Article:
Mr. Powell stated that the financial system has improved and stabilized primarily because of (i) higher levels of quality capital held, (ii) higher levels of liquidity held, (iii) capital stress testing, (iv) resolution planning (i.e., living wills), and (v) the “greater transparency and more consistent risk management” that comes with the central clearing of interest rate and credit default swaps. He argued that these core reforms should be protected, but called for certain regulatory adjustment in instances where new regulations have been inappropriately difficult for smaller firms or otherwise inefficient, adding:

“Some aspects of the new regulatory program are proving unnecessarily burdensome and should be better tailored to meet our objectives. Some provisions may not be needed at all given the broad scope of what we have put in place. I support adjustments designed to enhance the efficiency and effectiveness of regulation without sacrificing safety and soundness . . .”

Lofchie Comment: Mr. Powell joins a steadily increasing number of regulators who are conceding that Dodd-Frank has had some material negative effects. These concessions lay the groundwork for a rational discussion of how financial regulation may be improved – a welcome change from eight years in which “improvement in regulation” and “more regulation” were purported to be synonymous concepts.

President Trump Directs Treasury Secretary to Reconsider Two Dodd-Frank Authorities

In two executive memoranda, President Donald J. Trump directed the U.S. Department of the Treasury to review key elements of the Dodd-Frank post-crisis regulation. The memoranda authorizes the Treasury Secretary to review (i) the processes of the Financial Stability Oversight Council (“FSOC”) for designating “systemically important” institutions, and (ii) the Orderly Liquidation Authority (“OLA”) including a review of potentially adverse consequences posed by the framework.

In a statement, Treasury Secretary Steven Mnuchin said that during the review process, the Treasury will not designate any new non-bank financial institutions as systemically important under the FSOC. The goal of the review, he said, is to “make this a smarter, more effective process that reduces the kinds of systemic risk that harmed so many Americans during the financial crisis of 2008.”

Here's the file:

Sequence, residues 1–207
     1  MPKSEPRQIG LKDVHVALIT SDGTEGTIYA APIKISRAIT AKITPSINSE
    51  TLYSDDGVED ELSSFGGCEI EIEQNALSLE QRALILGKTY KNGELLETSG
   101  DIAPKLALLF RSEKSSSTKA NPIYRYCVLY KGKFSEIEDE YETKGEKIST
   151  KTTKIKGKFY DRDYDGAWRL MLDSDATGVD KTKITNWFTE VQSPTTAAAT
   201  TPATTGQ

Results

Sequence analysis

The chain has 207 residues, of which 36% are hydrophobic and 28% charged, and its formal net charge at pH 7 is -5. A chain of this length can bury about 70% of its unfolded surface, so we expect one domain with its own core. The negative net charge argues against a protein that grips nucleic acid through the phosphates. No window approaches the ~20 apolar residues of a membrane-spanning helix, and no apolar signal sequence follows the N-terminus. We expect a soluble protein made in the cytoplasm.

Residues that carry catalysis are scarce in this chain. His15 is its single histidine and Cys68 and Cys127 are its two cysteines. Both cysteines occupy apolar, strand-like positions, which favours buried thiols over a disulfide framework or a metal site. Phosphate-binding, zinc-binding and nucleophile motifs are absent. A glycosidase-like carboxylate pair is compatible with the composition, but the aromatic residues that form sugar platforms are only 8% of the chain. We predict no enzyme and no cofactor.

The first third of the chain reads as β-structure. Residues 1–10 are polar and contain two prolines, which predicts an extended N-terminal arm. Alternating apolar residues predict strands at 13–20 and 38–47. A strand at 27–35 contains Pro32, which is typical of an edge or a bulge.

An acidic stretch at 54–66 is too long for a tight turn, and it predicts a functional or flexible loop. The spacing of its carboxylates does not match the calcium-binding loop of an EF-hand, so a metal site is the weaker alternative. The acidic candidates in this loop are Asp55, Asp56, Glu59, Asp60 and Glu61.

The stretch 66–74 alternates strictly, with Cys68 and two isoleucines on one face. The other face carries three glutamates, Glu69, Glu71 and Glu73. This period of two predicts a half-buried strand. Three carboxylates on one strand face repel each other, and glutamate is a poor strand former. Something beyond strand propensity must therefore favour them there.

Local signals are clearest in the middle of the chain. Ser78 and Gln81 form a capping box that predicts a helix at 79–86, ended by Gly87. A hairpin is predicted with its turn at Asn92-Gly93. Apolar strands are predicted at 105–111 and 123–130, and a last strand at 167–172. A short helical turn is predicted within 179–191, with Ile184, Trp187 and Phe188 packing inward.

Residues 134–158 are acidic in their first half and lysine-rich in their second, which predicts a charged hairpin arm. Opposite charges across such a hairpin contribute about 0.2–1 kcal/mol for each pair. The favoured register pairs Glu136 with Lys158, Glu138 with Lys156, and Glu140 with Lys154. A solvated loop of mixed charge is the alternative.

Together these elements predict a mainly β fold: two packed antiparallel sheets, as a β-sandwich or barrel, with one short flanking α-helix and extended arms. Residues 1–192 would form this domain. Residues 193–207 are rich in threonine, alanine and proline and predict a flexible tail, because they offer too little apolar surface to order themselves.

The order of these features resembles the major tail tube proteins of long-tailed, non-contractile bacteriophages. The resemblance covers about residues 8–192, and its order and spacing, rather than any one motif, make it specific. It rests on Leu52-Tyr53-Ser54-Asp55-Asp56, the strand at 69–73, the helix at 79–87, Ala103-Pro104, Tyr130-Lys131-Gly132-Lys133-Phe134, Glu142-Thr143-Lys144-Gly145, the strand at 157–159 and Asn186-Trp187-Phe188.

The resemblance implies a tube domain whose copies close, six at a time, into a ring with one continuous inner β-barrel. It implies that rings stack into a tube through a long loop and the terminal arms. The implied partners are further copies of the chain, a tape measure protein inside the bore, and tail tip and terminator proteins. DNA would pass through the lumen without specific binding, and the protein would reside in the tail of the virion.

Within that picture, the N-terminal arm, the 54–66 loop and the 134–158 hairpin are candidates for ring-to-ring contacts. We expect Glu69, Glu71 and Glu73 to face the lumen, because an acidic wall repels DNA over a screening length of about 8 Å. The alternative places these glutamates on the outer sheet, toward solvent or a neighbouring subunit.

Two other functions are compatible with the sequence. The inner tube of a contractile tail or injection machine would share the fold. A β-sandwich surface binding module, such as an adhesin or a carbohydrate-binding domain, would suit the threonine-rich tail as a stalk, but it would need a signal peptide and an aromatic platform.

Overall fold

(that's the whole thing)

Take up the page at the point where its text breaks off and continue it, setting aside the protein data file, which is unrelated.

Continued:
Secretary Mnuchin said that the review of the OLA will attempt to determine (i) whether the OLA is encouraging “inappropriate risk-taking,” (ii) “the extent of taxpayer liability,” and (iii) how the bankruptcy code “may be a more appropriate avenue of resolving financial distress.”

President Trump remarked:

“I’m . . . issuing two directives that instruct Secretary Mnuchin to review the damaging Dodd-Frank regulations that failed to hold Wall Street firms accountable. . . . These regulations enshrine ‘too big to fail’ and encourage risky behavior.”

 

Lofchie Comment: Politically, these executive actions are promoted as being for the purpose of holding Wall Street accountable. The larger benefit they provide is to put a check on the very broad discretionary powers afforded the government under Dodd-Frank. These executive actions move financial regulation back toward a system of rules governed by written procedures and not by grants of broad discretion.

House Republicans Release Revised CHOICE Act

House Republicans released the Financial CHOICE Act of 2017. The bill is an update of the CHOICE Act of 2016. The new version represents a major overhaul of the current financial services regulatory regime including a partial repeal of Dodd-Frank.

In September 2016, the House Financial Services Committee approved the initial version of the CHOICE Act by a vote of 30 to 26. At a hearing scheduled for April 26, 2017, the Committee will discuss the updated version of the bill. Proposed changes to the current financial regulatory regime include, among other things:

  1. an opt-out of many regulatory requirements for banks and other financial institutions if they maintain a 10% leverage ratio (among other conditions);
  2. subjecting the federal banking agencies to greater congressional oversight and tighter budgetary control;
  3. materially reducing the authority of the Financial Stability Oversight Council and the establishment of a new process of identifying financial institutions as “systemically important”;
  4. a repeal of the Orderly Liquidation Authority and the creation of a new bankruptcy process for banks;
  5. reforms in bank stress tests;
  6. a restructuring of the CFPB, FHFA, OCC, and FDIC into bipartisan commissions appointed by the President;
  7. the elimination of the CFPB supervisory and examination authority;